Lamb Mannerhelm (Julianne Hough) is a beautiful 21-year-old Christian woman living in a sheltered, conservative small town in Montana with her parents. After a horrible plane crash she miraculously survives her faith is shaken. She has to come to terms with the fact that her body will be forever disfigured, due to severe burn injuries. Lamb decides to leave her hometown and go to Las Vegas to do all the things her church and family forbade her. On her mission to Sin City she meets William (Russell Brand), a charming British bartender and Loray (Octavia Spencer) an aspiring filmmaker slash nightclub singer who become her unofficial guides. Soon however Lamb realizes that an excessive lifestyle, the polar opposite from what she was used to, is no fun either. Maybe not everything her parents taught her was as bad as she thought. Maybe she belongs more to Montana than Nevada. And maybe she’s not as perfect as she saw herself.
Diablo Cody‘s directorial début is a funny, charming and heartwarming film about religion, family and introspection. Paradise is a genuinely sweet and inspirational story told in a very mature and non-judgmental way. As you would expect from Cody, the script is witty, filled with pop cultre references and improbable idioms. The whole movie could be seen as a Job meets Prodigal Son type of story. Once more Cody draws from archetypal narratives to build her own and set it in the present day, with a timely message. Looking at how poorly the film was received by critics and general audiences I can’t help but think it was completely misunderstood or purposely panned, because of its message and/or director. In a male dominated industry women filmmakers have it extra hard to make their voice heard. Cody herself recounts how she felt a great deal of pressure when making Paradise.
Few Hollywood films portray Christians in a realistic, non-ridiculing and balanced way. I was surprised to see how Cody nails the legalistic mindset of many Christian communities, while still leaving room for love and understanding. In Paradise superficial Vegas party animals and narrow-minded Christians fanatics are shown as two extremes. While most moviegoers have no problems with Christians being vilified in popular culture (much like the Jews in pre-nazi Germany), they don’t seem as open-minded when it comes to positive or at the very least more realistic, thoughtful and thought-provoking portrayals. Sadly, Cody’s considerate depiction of a Christian is probably what must have angered and alienated most people, who only proved to be just as about as tolerant as the people they love to hate.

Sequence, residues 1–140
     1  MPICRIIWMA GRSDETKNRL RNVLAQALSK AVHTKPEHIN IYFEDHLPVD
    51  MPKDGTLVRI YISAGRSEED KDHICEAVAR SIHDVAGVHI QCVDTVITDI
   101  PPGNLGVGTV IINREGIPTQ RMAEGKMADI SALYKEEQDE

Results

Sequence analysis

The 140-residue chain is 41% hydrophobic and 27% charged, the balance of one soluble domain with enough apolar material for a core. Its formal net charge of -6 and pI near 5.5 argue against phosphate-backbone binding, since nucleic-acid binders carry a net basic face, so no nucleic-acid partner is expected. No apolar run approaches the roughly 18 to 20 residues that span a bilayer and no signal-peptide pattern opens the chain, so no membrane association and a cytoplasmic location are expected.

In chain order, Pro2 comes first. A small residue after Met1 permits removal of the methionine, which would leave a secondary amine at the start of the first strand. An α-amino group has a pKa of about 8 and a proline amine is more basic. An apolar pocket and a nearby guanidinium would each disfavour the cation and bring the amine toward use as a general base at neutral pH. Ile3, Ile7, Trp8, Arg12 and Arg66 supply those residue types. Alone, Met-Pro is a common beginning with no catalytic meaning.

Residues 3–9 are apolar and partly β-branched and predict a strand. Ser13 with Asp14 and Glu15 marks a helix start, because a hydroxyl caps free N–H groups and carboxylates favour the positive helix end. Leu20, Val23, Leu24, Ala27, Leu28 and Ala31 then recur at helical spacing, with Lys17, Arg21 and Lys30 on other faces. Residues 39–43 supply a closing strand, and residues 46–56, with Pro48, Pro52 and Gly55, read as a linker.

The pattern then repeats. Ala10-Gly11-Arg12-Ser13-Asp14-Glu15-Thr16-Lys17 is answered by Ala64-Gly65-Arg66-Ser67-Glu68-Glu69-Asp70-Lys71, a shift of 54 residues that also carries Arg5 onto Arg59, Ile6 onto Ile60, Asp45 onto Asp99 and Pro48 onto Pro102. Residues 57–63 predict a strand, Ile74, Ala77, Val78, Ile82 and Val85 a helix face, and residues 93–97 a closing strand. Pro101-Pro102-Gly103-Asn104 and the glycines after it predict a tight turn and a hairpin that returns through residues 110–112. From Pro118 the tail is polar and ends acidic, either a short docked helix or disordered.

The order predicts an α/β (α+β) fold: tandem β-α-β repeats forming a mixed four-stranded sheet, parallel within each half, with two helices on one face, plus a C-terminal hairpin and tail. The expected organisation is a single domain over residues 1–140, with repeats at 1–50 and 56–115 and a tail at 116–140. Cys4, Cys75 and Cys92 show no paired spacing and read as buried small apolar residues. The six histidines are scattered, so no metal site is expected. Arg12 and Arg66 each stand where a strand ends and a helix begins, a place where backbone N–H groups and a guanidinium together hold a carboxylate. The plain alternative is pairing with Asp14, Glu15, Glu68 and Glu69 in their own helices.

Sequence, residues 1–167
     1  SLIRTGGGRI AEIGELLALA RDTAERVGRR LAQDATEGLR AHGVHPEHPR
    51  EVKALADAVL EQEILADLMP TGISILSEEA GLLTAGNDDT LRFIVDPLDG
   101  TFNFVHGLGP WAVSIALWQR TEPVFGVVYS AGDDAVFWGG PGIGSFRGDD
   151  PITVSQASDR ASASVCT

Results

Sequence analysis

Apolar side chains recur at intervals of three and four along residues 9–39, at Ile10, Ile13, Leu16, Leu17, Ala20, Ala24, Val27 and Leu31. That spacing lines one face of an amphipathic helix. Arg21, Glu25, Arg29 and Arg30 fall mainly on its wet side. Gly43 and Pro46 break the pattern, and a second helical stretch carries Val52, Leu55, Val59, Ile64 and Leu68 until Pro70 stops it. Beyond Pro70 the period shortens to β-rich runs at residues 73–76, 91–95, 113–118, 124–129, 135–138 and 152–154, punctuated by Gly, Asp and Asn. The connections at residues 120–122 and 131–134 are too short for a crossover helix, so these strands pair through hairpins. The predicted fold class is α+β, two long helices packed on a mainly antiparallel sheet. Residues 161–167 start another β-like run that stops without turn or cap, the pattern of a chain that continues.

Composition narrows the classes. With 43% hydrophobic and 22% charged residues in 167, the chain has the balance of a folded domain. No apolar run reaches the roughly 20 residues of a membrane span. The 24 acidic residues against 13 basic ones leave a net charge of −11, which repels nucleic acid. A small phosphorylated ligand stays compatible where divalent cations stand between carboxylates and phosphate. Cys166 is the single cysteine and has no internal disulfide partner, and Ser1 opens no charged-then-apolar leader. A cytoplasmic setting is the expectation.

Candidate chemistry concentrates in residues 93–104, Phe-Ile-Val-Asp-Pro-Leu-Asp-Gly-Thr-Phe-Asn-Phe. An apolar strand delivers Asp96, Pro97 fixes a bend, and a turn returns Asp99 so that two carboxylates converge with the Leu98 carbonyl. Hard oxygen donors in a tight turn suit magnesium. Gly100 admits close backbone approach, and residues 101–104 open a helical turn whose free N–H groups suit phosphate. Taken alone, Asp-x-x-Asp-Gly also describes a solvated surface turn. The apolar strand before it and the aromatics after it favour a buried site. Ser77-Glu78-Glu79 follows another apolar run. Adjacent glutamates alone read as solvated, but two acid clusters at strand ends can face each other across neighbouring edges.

While the film is not always subtle and some of Lamb’s reactions to worldly costumes seem exaggerated, they serve to make a point. Lamb’s high & mighty attitude, as if she was some sort of superior perfect being, proves to be just as irritating as the seemingly complete amoral people surrounding her. She will have to reconsider her own values and realize she is just as prejudiced as the people who make fun of her for her outdated wardrobe choices. By meeting two Vegas residents who turn out to be good people, she discovers how appearances aren’t everything. Even a prostitute can give you life advice, just as long as you don’t think you’re somehow better than them. Even if Paradise sounds like a complete departure from the depressing tones of Young Adult (one of my favorite films), there are still recurring themes, characters and structural semblances however building towards a much more upbeat finale.
Aside from great screenwriting abilities, Cody proves to be a solid actor’s director, managing to get great performances out of everyone involved. I was especially impressed by Russell Brand, an actor I always disliked, but showed some range and depth for the first time. Not only did he give a career best performance, but he also marks one of the film’s highlights. Another enjoyable aspect was the playful score by Rachel Portman, that always fit the scene perfectly and set the right tone, even in the quieter parts. While I loved the more serious parts of the film and they were necessary, I felt that they could have maybe been edited more tightly to keep the film’s pacing going. Last but definitely not least, I liked this film for being presenting us with not one but two strong, complex, layered female characters that are as far from cliché and stereotypical as it gets. Once more I applaud Cody’s writing, but also Julianne Hough and Octavia Spencer for their fearless performances and no, you don’t need to show your skin to be called fearless.
Rating on First Viewing
(on my laptop)
7.5 out of 10